Quote originally published on Rajiv’s Google+ Page

Why badmouthing others behind their backs is bad for business…

Its toxicity kills productivity. Robert I. Sutton, Professor of Management science at the Stanford Engineering School and a researcher in the field of Evidence-based management writes: [emphasis mine]

… if you want people to think you are smart, apparently you can feed their stereotypes by demeaning others…  I should also warn you that although unleashing your inner asshole may help persuade people of your intellectual superiority, we also show in The Knowing-Doing Gap and Hard Facts that the climate of fear created by such nastiness undermines team and organizational effectiveness.  Potential victims become afraid to try (or even mention) new ideas and hesitate to report mistakes or problems out of fear that the resulting anger and humiliation will be aimed at them.

It creates distrust among coworkers which hurts collaboration and productivity. It distracts focus away from productive work to “watching your back”. It lowers morale at work, which is also bad for business.

On the perpetrator’s side, it diverts creative energy away from business innovation, solving problems and achieving greatness. Instead the perpetrator’s talents, time and tricks are applied towards crafty, cunning and cruel behavior that only hurts the organization.

At its worst, when it becomes a rampant problem, it can lead to costly lawsuits against the organization. When you develop a habit of badmouthing someone behind their back thinking your accusations will remain secret, and you keep getting away with it for a while, you are likely to start saying things that cross the line.

 

Why it happens…

So why do people engage in smear campaigns? Simply because they have found them to be useful for their benefit in the past. There is ample evidence in multiple fields ranging from election campaigns to organizational behavior that despite being immoral, unethical and unfair, smear campaigns can sometimes be highly effective for the perpetrators. At least for the short term. In an organization with a bad culture it benefits the perpetrator every time they do it and there are minimal harmful consequences to the perpetrator.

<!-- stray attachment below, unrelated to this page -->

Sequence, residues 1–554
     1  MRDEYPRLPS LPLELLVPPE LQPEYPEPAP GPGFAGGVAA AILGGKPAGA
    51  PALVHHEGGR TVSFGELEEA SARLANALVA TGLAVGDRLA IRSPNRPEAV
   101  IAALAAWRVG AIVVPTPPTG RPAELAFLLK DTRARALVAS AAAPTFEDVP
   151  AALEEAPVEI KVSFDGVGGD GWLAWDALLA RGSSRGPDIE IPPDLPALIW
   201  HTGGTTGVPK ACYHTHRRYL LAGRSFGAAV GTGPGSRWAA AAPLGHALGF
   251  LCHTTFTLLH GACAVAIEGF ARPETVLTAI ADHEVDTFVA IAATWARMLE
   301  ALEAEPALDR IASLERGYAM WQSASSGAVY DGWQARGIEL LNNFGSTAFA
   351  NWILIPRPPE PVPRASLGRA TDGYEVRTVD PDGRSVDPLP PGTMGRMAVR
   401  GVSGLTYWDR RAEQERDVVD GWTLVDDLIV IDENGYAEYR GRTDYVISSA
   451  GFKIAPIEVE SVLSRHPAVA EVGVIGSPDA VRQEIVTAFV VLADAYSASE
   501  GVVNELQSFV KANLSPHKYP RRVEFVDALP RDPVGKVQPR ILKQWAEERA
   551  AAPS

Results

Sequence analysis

I asked my friend Professor Jeffery Pfeffer, a well-respected guru of organizational behavior at Stanford University’s Graduate School of Business why such behavior exists. He explained that “It persists because it often works, and it often works because negativity and criticism seem more profound than positive statements.” He pointed me to his5 article The Smart-Talk Trap published in Harvard Business Review and the article Brilliant but Cruel by Teresa Amabile, now a professor at Harvard Business School. (The word “brilliant” here alludes to a pretense of brilliance, not the real thing.) Those two articles explain that people who disparage others or the work of others falsely appear to look smart and competent, even when they are not so in reality. Basically, it is a cheap trick that works until it is exposed.

The false feeling of being honest (when in reality they are being dishonest) in supposedly exposing  the flaws in others and/or other’s work provides misguided gratification to the perpetrators. When the important person to whom the clandestine complaint is being made to (and it is usually an important person) listens to the complainer in private and engages in that conversation, the complainer sees that as a reward. This encourages more of such bad behavior.

An even bigger mistake a person in a position of power can make after hearing a one-sided complaint is to substantially reward the complainer. By a substantial reward, I mean giving a promotion, power or pleasure of winning. That is not only unjust, unfair and unwise, but a display of poor judgement.